In an effort to push an anti-LGBTQ+ agenda as far as they can manage to, Republicans have taken a renewed liking to the words “grooming” and “predatory” in recent months. Conservatives at all levels of government have been pushing anti-trans legislation, especially when it comes to sports and gender-affirming health care, but have more recently branched into traditional homophobic rhetoric; for example, the ‘Don’t Say Gay’ law in Florida, and the comparable one being considered in Texas.
Whether conservatives are fueling false hysteria about trans women using the women’s bathroom, youth having books by and about LGBTQ+ people, or teachers simply talking about queer identities and history in the classroom, though, it comes down to one core idea: Stop it. Republicans absolutely want to eliminate queer identities as much as they can, and that includes bolstering hate against openly LGBTQ+ people and allies by going backward in time to suggest LGBTQ+ adults (and allies) are essentially predators who are “grooming” young people and trying to “turn” them LGBTQ+.
Obviously, this is rooted in queerphobia and completely indefensible. Republicans as a party, though, offer up an incredible sense of surreal hypocrisy when we consider a recent bill coming out of Tennessee that seeks to do two terrible things. First, it wants to establish common-law marriage as only between one man and one woman, and second, it wants to repeal a recent law that bans marriages for children under 17. And they want to accuse queer people of being groomers??
RELATED STORY: Openly gay teacher with decades of experience fired after giving Pride bracelets to high schoolers
House Bill 233 would define common-law marriages as between “one man” and “one woman” without a minimum age requirement, as covered at Salon. Right now, minors can get married in Tennessee at the age of 17, provided they have parental consent.
For background, the federal government actually does not have a minimum age for marriage. Weird? Yes. States are allowed to set their own guidelines, which, disturbingly, results in an estimated 300,000 child marriages happening in the U.S. between 2000 and 2018, according to the United Nations International Children’s Emergency Fund (UNICEF.)
If your first thought is, well, that sounds like a cover-up for child abuse and child sexual abuse—you’re probably right! While sexual violence can happen to anyone, it feels like these situations are especially ripe for minors who may be raised in particularly oppressive, isolated environments, like those who are forced to be in what are essentially religious cults, youth who are homeschooled, or adolescents who otherwise are separated from “normal” daily life and resources.
Thinking about people in positions of power who could use legal loopholes like these to coerce, manipulate, and abuse children of all genders is truly horrifying. It’s also important to look at this as an intergenerational issue; children forced into marriage, for example, might be trapped in cycles of dependency, poverty, lack of education, or lack of employment opportunities, trapping them in abusive or unsafe environments. In addition to mental health struggles, new children could be brought into this cycle, and perhaps even be forced into continuing it.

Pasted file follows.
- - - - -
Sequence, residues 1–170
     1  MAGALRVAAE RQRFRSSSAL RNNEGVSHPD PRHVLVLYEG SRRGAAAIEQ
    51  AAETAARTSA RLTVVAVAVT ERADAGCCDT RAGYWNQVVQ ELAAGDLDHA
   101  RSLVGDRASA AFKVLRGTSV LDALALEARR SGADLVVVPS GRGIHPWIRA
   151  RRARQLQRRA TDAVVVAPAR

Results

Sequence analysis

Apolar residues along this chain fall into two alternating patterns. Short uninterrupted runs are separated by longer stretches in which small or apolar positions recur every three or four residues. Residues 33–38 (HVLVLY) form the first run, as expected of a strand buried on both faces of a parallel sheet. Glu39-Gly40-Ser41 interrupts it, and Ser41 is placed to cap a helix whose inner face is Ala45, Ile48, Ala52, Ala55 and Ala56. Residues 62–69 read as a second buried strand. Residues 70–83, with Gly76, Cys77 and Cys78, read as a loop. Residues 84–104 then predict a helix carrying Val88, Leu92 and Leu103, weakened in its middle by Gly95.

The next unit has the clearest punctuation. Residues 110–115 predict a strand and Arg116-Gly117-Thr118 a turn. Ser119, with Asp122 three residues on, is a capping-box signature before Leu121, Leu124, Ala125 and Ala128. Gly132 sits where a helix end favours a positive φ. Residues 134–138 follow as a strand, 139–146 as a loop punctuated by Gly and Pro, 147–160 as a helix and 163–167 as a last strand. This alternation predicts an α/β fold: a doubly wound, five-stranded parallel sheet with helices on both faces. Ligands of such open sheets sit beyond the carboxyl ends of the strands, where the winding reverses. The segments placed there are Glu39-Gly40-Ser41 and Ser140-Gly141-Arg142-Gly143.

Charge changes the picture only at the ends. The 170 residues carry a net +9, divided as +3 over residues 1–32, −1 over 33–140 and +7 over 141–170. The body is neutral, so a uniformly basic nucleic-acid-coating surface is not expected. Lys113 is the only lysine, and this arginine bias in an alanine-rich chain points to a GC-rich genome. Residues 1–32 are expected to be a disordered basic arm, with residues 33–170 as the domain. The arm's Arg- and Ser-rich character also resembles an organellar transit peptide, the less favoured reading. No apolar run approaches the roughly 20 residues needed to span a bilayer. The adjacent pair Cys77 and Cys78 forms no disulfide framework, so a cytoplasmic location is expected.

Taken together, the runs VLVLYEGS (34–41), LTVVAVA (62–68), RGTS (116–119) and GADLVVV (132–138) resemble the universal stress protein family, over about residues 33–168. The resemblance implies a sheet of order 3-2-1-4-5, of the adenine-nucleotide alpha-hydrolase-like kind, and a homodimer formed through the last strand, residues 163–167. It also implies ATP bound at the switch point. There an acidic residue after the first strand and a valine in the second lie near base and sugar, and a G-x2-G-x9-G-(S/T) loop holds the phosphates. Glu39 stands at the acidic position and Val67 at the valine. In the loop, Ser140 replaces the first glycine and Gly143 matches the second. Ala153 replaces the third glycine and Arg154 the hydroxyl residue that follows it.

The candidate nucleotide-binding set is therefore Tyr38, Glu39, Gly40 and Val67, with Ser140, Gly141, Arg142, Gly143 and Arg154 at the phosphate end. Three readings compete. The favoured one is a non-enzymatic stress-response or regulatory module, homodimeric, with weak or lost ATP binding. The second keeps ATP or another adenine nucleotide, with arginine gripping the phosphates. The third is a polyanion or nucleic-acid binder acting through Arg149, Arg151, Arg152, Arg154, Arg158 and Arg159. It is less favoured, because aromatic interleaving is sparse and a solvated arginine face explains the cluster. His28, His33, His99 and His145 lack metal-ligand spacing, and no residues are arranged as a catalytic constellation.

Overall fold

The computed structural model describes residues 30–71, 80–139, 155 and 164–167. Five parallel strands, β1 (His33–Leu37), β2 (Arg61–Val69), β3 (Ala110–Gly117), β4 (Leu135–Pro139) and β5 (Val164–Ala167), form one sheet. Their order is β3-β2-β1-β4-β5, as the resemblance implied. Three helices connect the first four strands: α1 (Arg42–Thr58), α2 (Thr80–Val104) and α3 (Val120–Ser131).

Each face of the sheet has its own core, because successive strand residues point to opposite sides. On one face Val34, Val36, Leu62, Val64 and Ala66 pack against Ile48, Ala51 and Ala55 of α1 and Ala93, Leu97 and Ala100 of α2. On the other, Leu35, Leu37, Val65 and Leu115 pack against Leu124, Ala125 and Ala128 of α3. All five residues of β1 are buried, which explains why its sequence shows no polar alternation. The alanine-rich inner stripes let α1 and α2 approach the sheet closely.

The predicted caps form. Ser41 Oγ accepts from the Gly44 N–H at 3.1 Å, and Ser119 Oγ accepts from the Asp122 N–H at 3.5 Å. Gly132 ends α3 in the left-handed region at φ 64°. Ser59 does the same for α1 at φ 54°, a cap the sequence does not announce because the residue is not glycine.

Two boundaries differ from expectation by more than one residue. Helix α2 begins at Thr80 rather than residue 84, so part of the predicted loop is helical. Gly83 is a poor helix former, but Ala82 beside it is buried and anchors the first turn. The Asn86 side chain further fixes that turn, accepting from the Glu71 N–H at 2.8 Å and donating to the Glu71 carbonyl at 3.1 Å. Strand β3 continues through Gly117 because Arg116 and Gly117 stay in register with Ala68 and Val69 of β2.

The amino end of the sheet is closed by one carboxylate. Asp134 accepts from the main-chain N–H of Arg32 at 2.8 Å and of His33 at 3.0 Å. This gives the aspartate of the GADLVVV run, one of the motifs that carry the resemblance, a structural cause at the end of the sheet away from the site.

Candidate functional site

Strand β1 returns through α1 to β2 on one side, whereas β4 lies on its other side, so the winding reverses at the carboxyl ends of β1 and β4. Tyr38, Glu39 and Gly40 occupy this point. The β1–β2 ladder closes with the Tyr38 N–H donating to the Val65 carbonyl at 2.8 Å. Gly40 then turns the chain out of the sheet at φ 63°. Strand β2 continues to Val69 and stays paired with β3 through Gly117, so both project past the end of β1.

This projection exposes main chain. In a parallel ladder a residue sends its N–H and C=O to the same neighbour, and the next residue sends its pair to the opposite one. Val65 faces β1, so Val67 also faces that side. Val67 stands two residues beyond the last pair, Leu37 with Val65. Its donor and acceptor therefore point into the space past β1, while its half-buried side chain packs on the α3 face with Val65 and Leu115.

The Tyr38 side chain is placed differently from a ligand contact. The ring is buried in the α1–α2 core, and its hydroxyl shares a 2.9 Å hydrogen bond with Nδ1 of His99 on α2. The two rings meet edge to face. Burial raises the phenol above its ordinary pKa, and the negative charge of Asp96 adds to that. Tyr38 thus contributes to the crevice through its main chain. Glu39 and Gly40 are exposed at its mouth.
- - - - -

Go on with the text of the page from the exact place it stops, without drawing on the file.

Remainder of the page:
Democratic Rep. Mike Stewart brought up child abuse when the bill was on the table in the subcommittee, according to local outlet WKRN, describing the bill as “basically a get out of jail free card” for people who are essentially committing statutory rape.
Republican Rep. Tom Leatherwood, who sponsors the bill, described it as providing an “alternative form of marriage” for pastors and those who have a “conscientious objection” to the “current pathways” to marriage in the law, according to the outlet.
And Leatherwood’s framing is where we can tie LGBTQ+ rights and queerphobia in here on another level. So same-sex marriage is so abhorrent to conservatives that they want to establish their own separate marriage path … which includes being able to marry children.
But we’re the groomers? Got it.
If you want to fully lean into the ick, you can catch a campaign video from Leatherwood from a couple of years ago, where he’s described as having an “A” rating with the NRA and having the ability to stand strong on the Constitution and “conservative Christian principles” in D.C.
I’d say that I wonder which “conservative Christian principles” include child marriage here, but it’s safe to say we already know.
Sign the petition: Demand the Senate pass the Equality Act and protect the LGBTQ community from discrimination.